For employers, the number of reasons they should consider offloading some or all of their pension liabilities from their balance sheets seems to be growing every year. On average, beneficiaries are expected to live longer than they have in the past; generating returns to cover liabilities is becoming more challenging in a low interest rate environment; and premiums for the Pension Benefit Guaranty Corporation (PBGC) keep rising.
Already, many plan sponsors are expected to power through deals this year. After the pandemic dampened deal flow for the first part of last year, the market is expected to continue its “steady upward trend,” according to Willis Towers Watson.
Pension risk transfers (PRTs) can be straightforward for plan sponsors. But without careful preparation, offloading liabilities can be costly and overlong endeavors for employers. To make these deals attractive to insurers from the start, plan sponsors should get a couple things in their house in order.
Here are five things investors should consider before moving forward:
Understand Your Transaction
Asset owners planning pension risk transfers will want to figure out what’s feasible for their plan. Should they move forward with a buyout or a buy-in (closing the plan after transferring the liabilities to an insurer or maintaining administrative control of the plan)? Do they have the resources to fund a full plan termination? Or should they start with lift-outs (annuitizing just a subset of the plan participants)? Should they offer participants a lump sum to lower the number of beneficiaries in a plan?
A full plan termination would take more than a full year to complete. Plan sponsors need time to immunize and fully de-risk investment portfolios, as well as file forms with regulators such as the PBGC and the IRS. At the same time, insurers have to calculate the cost of future payouts to all beneficiaries under the plan, including retirees and current workers.
On the other hand, retiree lift-outs, which only siphon off a portion of pensioners, are fairly easy for employers to execute and can be completed in a matter of months or weeks, according to Legal & General Retirement America (LGRA). The speed can be attractive to some plan sponsors. In the third quarter of last year, nearly two-thirds of the pension risk transfer market was driven by retiree lift-outs, given that employers wanted to offload at least a portion of their liabilities quickly.
Ready Your Data
Asset owners who want a fair price from insurers will want to pass on as much information on their defined benefit (DB) plans as possible. The insurers that are underwriting liabilities will want a robust understanding of life expectancy for the underlying population, whether it skews female or male, blue collar or white collar, and so on.
Readying the data gets more complicated if the transaction involves a lift-out of a specific demographic. Plan sponsors planning to hand over liabilities for older workers, for example, will have to develop more granular data, instead of handing over historic mortality tables for the total DB plan. Any incomplete or inaccurate data will only delay the transfer.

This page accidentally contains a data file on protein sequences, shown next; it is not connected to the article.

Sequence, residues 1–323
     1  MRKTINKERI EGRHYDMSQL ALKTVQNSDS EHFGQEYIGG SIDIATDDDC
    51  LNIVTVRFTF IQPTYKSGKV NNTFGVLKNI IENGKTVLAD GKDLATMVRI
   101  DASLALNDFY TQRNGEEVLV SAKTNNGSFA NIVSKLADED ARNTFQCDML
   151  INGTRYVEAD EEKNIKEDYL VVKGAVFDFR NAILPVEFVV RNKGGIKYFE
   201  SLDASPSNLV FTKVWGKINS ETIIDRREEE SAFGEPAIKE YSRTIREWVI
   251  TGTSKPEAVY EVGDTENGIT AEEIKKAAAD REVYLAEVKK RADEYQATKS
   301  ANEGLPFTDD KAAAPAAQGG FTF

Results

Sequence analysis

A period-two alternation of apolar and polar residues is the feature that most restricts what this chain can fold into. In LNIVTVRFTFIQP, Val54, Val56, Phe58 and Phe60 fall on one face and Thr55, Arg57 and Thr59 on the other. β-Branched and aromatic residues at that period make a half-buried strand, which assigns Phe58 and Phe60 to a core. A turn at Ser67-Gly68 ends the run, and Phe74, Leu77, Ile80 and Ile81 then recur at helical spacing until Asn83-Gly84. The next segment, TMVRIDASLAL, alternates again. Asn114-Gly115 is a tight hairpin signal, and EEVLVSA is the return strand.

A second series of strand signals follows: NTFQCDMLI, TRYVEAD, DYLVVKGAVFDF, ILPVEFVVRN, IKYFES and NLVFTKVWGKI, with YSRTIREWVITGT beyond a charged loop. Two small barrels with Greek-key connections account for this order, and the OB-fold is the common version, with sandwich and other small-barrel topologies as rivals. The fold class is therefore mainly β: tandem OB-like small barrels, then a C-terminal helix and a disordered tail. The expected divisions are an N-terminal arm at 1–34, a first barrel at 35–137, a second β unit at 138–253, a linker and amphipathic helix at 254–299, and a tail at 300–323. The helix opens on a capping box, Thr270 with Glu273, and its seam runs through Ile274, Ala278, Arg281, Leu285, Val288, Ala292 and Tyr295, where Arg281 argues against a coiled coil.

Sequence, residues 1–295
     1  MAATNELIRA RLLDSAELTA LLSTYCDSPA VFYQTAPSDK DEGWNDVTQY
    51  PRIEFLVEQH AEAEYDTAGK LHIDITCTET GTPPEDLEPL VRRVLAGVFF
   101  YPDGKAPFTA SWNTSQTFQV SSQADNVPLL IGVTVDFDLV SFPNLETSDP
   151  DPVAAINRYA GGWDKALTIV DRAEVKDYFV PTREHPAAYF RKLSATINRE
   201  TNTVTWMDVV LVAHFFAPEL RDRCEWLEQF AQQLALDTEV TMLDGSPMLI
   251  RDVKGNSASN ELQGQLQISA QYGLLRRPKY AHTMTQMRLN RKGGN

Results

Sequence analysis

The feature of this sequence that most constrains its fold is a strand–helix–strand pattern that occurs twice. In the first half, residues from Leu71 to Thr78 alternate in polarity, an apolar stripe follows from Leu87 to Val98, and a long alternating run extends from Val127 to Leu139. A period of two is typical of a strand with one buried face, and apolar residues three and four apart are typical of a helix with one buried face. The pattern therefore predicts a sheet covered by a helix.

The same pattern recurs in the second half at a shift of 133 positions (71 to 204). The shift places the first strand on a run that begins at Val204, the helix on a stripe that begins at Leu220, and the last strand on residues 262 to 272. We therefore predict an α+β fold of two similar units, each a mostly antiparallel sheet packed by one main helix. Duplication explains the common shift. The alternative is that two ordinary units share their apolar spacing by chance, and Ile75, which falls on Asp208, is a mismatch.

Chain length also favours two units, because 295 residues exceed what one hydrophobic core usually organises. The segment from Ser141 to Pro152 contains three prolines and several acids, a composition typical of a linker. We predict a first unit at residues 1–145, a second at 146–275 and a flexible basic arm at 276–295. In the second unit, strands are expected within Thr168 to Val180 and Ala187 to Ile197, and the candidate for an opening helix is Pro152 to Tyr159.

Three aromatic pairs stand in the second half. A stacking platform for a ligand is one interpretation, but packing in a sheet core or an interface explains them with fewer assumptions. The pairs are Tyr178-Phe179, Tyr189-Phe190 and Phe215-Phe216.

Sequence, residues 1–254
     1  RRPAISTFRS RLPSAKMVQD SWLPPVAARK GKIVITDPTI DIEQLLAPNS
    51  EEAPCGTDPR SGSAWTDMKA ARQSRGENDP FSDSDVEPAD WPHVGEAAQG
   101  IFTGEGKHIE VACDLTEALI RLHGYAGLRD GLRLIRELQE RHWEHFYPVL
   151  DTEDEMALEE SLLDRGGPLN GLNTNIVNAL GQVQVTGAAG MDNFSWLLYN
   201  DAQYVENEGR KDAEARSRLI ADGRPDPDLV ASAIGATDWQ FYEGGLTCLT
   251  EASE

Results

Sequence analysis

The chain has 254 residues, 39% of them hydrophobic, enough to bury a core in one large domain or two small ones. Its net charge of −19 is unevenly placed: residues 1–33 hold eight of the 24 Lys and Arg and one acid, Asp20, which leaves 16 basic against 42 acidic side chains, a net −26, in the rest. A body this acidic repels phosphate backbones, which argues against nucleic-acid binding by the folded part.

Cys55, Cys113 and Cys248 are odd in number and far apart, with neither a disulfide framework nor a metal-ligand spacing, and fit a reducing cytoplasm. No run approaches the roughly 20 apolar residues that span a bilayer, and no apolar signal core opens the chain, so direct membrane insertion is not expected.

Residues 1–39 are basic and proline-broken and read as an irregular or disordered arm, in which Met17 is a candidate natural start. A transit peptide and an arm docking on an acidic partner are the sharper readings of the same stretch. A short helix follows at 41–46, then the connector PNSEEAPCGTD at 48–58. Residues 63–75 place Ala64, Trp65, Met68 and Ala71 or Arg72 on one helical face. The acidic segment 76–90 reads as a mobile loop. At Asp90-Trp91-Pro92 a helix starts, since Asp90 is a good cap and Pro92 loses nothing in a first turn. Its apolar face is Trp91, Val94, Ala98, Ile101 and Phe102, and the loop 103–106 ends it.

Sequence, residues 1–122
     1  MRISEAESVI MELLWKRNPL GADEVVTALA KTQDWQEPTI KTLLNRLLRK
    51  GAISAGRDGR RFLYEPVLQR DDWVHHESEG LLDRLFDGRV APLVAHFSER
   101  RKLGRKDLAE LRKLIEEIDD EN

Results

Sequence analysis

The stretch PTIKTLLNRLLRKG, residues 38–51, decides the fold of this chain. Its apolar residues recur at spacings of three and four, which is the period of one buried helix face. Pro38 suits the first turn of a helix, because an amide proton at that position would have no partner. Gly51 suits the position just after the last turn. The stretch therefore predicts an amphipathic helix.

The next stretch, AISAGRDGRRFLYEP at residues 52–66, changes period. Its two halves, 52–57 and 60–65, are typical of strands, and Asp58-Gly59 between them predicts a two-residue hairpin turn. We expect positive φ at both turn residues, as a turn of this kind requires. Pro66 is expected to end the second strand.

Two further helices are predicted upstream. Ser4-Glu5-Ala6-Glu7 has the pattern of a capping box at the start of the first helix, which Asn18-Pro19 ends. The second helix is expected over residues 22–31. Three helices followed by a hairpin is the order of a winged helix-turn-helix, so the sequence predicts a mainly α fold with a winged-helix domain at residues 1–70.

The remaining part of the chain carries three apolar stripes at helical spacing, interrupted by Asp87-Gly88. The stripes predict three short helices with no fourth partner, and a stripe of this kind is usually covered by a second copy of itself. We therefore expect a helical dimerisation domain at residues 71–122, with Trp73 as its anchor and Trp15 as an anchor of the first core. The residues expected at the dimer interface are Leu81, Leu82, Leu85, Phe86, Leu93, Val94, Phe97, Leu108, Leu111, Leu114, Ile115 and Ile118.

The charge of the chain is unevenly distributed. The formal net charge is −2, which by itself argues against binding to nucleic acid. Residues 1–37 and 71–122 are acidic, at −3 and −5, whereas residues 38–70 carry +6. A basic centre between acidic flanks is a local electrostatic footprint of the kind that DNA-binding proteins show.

“The more you get it into subgroups, the more you need to understand what’s there,” said Kevin McLaughlin, head of liability risk management at Insight Investment.
Some Fiduciary Concerns
As fiduciaries, employers are also required to do their due diligence and to choose the safest available annuity provider, as determined by the Department of Labor (DOL). Plan sponsors should seek insurers with well-diversified investment portfolios, as well as review the insurers’ capital, surplus, and lines of business, as outlined by the DOL 95-1.
Employers should also seek additional protections for their liabilities. Like the PBGC, many state governments can also guarantee pension liabilities. Employers can also seek annuity contracts with greater protections, such as through separate account structures, which are often used for larger deals.
In the event of a lift-out or buyout, versus a full termination, plan sponsors also have the fiduciary duty to review the impact any PRT will have on the remaining participants, according to McLaughlin. One way to ensure that the residual plan participants are not disadvantaged by the restructuring of the DB plan is to make sure the funded status is no worse after the transaction, which usually requires the employer to top off any shortfall.
Insurers also price transfers based on the quality of the assets with the DB portfolio. They typically prefer portfolios with more liquid assets, such as corporate bonds, Treasurys, and cash, versus more complex instruments. Asset owners should move early if they’re planning on starting a pension risk transfer to make it an easy process.
“The more time you have to do a risk transfer in one to three years, to start working on the portfolios and removing any of these more complicated or esoteric features that are unlikely to transfer to an insurance,” the better, McLaughlin said.
Communicate with Your Members
Ultimately, any news of the pension risk transfer will be most significant to the plan participants or retirees who fall under it. Plan sponsors should start communicating with beneficiaries as early as possible about what their options are, such as how they will be transferring payroll and other administrative records.
Said McLaughlin, “You have to let everybody know what the plan is.”